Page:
Renaissance portraiture in two different incarnations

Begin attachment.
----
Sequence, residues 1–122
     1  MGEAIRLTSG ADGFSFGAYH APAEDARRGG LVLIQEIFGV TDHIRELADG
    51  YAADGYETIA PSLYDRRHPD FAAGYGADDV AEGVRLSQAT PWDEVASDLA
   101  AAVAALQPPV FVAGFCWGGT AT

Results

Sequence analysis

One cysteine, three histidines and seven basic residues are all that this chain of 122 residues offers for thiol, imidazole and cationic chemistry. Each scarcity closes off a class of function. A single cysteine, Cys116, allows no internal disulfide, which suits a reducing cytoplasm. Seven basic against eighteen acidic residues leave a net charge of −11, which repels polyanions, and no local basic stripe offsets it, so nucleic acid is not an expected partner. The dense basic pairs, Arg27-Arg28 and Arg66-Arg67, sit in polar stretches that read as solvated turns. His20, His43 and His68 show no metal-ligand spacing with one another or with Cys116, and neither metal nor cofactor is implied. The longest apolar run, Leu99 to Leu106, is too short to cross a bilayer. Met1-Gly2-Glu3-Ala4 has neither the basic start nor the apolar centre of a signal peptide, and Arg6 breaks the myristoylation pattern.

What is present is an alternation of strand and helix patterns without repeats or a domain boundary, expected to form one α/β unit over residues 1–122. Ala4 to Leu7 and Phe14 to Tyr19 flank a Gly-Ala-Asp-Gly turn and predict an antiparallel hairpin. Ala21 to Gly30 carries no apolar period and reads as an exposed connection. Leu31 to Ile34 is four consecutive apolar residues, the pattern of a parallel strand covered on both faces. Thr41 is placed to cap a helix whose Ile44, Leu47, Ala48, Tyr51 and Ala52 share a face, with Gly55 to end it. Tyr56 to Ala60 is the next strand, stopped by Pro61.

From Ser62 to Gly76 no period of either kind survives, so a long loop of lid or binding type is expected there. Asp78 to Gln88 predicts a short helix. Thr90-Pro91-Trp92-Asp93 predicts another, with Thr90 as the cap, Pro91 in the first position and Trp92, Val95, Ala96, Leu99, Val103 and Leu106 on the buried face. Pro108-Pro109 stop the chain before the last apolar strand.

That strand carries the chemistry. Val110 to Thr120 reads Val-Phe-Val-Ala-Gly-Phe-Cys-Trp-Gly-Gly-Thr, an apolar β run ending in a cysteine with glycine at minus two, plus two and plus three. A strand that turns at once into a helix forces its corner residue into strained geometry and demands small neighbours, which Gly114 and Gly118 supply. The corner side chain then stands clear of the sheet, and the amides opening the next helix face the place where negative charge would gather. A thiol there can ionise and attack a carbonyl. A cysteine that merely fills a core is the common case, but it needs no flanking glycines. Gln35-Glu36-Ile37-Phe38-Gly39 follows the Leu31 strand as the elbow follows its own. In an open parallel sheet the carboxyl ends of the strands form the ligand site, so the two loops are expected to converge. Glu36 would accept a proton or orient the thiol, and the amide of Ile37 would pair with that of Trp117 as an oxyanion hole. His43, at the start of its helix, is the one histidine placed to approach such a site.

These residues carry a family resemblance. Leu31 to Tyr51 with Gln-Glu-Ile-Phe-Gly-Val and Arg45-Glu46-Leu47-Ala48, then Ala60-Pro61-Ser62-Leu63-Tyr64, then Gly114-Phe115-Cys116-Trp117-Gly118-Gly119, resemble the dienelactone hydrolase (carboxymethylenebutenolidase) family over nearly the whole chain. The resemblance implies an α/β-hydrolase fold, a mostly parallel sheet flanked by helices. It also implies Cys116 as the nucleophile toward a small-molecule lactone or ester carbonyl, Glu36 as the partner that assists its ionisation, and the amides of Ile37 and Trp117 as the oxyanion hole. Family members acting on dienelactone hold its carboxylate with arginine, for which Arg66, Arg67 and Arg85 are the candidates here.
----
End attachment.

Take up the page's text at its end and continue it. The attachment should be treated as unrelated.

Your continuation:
The National Gallery and the Prado are to present different versions of the same show on Renaissance portraiture. Madrid’s exhibition is entitled “The Renaissance Portrait: Pisanello to Rubens”, whereas London’s is “Renaissance Faces: Van Eyck to Titian”—which may cause some confusion. The Prado exhibition, which opens on 3 June, will be considerably larger than the London version (the Sainsbury Wing exhibition galleries do not have the same space as those in Madrid). The Prado will display 125 portraits from the 15th and 16th centuries, mainly paintings, but there will also be works on paper, sculptures and coins. The 70 artists on display include Botticelli, Bronzino, Memling and Raphael. A Prado spokesperson said: “This is the first time that an exhibition on Renaissance portraits has ever been staged, in spite of the…numerous publications [on] this theme.” After the Madrid show closes on 7 September, the London exhibition opens on 15 October. It will comprise 85 works, of which 70 are paintings. Both collections are lending to each other: works in the Madrid show include National Gallery portraits by Van Eyck, Moroni and Holbein, while London will get Titian and Mor from the Prado. The lead curators are Madrid’s Miguel Falomir and London’s Susan Foister M.B.

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